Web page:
Apps like Robinhood, eToro and RagingBull have also made trading more accessible for these traders, seeing demand for their services rise by 300%, 220% and 158% in the first quarter of 2020, respectively. And given that the vast majority of millennials and Gen Zs have been using their smartphones more due to the coronavirus outbreak, it’s unsurprising that the time spent on apps like these has also increased.
What are millennials and Gen Zs trading?
The E*Trade survey found that almost half of young investors are trading derivatives more frequently compared to 22% of the general population, while there’s been an especially sharp increase in options trading. What’s more, the surprising nature of their most popular stock picks have stunned, and perhaps even humbled, many Wall Street investors.
“We see a lot of buying activity of specific industries that were impacted by the pandemic,” said Robinhood co-founder Vladimir Tenev, as reported by CNN. He singled out shares of airlines, videoconferencing and streaming media companies, and biopharmaceuticals. For example, even though Warren Buffet dumped his airline shares in light of the coronavirus travel restrictions, millennial and Gen Z traders had faith in a recovery. Frank Holmes, CEO of US Global Investors, told CNN that he noticed a surge in interest for the JETS airline ETF in March. Examining Robinhood trends, he learned that plenty of young investors had been buying it after a major dip. The funds’ assets went from $34.6 million at the start of March to $615 million by the end of April — a 1600% increase.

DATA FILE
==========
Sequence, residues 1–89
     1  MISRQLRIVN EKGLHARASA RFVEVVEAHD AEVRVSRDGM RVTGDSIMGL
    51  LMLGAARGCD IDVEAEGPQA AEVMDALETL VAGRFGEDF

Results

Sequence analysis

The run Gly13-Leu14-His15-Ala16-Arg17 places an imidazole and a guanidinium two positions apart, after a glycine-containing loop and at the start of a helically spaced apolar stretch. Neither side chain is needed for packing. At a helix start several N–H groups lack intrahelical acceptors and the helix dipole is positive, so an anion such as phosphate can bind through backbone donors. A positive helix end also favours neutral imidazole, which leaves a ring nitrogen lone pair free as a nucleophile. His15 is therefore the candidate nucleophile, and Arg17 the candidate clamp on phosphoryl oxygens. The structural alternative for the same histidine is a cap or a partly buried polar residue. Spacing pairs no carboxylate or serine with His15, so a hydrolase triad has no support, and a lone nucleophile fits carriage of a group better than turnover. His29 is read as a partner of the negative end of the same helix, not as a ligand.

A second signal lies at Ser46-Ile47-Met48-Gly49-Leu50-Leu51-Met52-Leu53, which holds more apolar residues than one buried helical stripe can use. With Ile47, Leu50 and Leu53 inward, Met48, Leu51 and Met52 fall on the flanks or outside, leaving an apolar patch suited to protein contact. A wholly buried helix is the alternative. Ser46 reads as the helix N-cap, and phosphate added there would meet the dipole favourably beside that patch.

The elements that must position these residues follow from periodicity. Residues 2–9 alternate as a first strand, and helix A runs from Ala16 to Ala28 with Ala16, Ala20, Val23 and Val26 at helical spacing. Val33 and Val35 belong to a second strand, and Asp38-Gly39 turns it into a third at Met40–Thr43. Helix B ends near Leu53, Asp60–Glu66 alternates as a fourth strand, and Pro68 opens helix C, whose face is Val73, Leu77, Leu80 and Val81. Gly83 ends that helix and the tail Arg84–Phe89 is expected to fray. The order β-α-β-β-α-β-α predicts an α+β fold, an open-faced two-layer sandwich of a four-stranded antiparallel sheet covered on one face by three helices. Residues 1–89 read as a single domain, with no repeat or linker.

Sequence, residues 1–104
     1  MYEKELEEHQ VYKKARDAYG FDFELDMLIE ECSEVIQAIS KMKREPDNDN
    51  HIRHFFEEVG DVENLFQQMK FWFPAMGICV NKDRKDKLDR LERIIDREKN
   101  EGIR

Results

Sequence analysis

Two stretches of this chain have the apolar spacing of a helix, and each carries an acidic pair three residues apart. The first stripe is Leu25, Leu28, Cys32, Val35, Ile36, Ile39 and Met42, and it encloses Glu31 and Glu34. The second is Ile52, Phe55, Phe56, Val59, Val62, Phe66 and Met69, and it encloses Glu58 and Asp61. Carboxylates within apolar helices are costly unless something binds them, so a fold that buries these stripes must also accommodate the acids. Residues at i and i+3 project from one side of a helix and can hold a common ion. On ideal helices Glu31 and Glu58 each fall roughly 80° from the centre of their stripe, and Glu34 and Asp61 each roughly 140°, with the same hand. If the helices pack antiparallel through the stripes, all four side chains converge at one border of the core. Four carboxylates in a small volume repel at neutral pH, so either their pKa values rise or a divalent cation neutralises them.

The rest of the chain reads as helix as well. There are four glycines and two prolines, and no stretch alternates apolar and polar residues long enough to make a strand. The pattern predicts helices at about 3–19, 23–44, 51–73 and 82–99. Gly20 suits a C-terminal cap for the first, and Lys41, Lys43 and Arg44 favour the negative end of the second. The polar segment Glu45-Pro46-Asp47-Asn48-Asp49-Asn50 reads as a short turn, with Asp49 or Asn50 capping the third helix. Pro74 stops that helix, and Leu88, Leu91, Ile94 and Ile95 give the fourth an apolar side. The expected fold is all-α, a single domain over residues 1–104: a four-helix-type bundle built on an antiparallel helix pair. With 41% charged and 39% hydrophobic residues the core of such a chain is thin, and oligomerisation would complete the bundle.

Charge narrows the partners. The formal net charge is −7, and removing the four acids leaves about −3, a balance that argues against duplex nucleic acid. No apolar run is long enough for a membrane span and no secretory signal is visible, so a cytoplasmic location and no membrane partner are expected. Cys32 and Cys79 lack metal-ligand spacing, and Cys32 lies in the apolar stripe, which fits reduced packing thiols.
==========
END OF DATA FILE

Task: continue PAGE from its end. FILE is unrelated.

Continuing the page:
“Although a lot of people may say that it’s crazy, it has turned out pretty well,” JJ Kinahan, the chief market strategist at TD Ameritrade, told Bloomberg. “Retail investors for the last few months have been a little bit ahead of the curve. There’s been a lot more perhaps optimism among retail traders around the turnaround than there has been from professionals. This continues to show that.” However, it’s inconclusive whether moves like this are really paying off for younger traders. While some analysts (such as those at Goldman Sachs) claim the stocks of Robinhood investors have outperformed hedge funds and the indices, others have found a negative correlation between these stocks and their returns.
What are the potential problems of this?
Empowered but inexperienced traders
Robinhood has been the app of choice for many millennial and Gen Z traders, and though their ambition to “democratise finance for all” has clearly appealed to this market, it also means that many amateurs have jumped into trading without any experience and gone on to make grave mistakes.